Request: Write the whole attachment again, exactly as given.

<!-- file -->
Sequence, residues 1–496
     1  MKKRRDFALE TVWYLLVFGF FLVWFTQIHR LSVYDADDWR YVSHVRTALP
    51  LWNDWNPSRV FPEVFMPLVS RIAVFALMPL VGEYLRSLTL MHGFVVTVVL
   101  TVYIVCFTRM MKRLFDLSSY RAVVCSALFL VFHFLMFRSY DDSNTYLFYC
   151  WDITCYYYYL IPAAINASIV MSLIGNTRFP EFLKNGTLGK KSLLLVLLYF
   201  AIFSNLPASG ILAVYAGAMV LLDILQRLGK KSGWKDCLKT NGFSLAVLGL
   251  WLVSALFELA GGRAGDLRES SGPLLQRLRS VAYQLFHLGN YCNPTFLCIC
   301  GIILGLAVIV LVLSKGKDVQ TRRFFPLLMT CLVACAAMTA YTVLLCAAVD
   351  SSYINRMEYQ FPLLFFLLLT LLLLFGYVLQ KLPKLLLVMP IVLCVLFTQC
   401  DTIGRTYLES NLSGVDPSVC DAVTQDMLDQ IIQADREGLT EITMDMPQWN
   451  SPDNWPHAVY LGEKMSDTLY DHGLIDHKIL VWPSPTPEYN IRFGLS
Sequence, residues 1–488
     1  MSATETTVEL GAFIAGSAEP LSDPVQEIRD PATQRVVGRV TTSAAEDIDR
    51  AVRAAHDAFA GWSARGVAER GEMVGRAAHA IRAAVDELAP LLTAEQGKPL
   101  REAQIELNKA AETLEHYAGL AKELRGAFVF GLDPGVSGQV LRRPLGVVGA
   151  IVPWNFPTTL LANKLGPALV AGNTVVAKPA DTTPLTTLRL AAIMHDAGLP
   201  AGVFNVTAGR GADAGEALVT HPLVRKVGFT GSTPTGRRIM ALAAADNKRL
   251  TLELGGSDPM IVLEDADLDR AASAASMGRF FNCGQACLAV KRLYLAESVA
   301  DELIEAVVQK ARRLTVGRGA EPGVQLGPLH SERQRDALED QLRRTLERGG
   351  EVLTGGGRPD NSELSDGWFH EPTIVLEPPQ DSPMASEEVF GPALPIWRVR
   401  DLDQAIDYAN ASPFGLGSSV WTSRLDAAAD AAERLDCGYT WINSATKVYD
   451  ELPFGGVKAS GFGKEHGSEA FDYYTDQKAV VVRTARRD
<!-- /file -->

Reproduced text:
Sequence, residues 1–496
     1  MKKRRDFALE TVWYLLVFGF FLVWFTQIHR LSVYDADDWR YVSHVRTALP
    51  LWNDWNPSRV FPEVFMPLVS RIAVFALMPL VGEYLRSLTL MHGFVVTVVL
   101  TVYIVCFTRM MKRLFDLSSY RAVVCSALFL VFHFLMFRSY DDSNTYLFYC
   151  WDITCYYYYL IPAAINASIV MSLIGNTRFP EFLKNGTLGK KSLLLVLLYF
   201  AIFSNLPASG ILAVYAGAMV LLDILQRLGK KSGWKDCLKT NGFSLAVLGL
   251  WLVSALFELA GGRAGDLRES SGPLLQRLRS VAYQLFHLGN YCNPTFLCIC
   301  GIILGLAVIV LVLSKGKDVQ TRRFFPLLMT CLVACAAMTA YTVLLCAAVD
   351  SSYINRMEYQ FPLLFFLLLT LLLLFGYVLQ KLPKLLLVMP IVLCVLFTQC
   401  DTIGRTYLES NLSGVDPSVC DAVTQDMLDQ IIQADREGLT EITMDMPQWN
   451  SPDNWPHAVY LGEKMSDTLY DHGLIDHKIL VWPSPTPEYN IRFGLS
Sequence, residues 1–488
     1  MSATETTVEL GAFIAGSAEP LSDPVQEIRD PATQRVVGRV TTSAAEDIDR
    51  AVRAAHDAFA GWSARGVAER GEMVGRAAHA IRAAVDELAP LLTAEQGKPL
   101  REAQIELNKA AETLEHYAGL AKELRGAFVF GLDPGVSGQV LRRPLGVVGA
   151  IVPWNFPTTL LANKLGPALV AGNTVVAKPA DTTPLTTLRL AAIMHDAGLP
   201  AGVFNVTAGR GADAGEALVT HPLVRKVGFT GSTPTGRRIM ALAAADNKRL
   251  TLELGGSDPM IVLEDADLDR AASAASMGRF FNCGQACLAV KRLYLAESVA
   301  DELIEAVVQK ARRLTVGRGA EPGVQLGPLH SERQRDALED QLRRTLERGG
   351  EVLTGGGRPD NSELSDGWFH EPTIVLEPPQ DSPMASEEVF GPALPIWRVR
   401  DLDQAIDYAN ASPFGLGSSV WTSRLDAAAD AAERLDCGYT WINSATKVYD
   451  ELPFGGVKAS GFGKEHGSEA FDYYTDQKAV VVRTARRD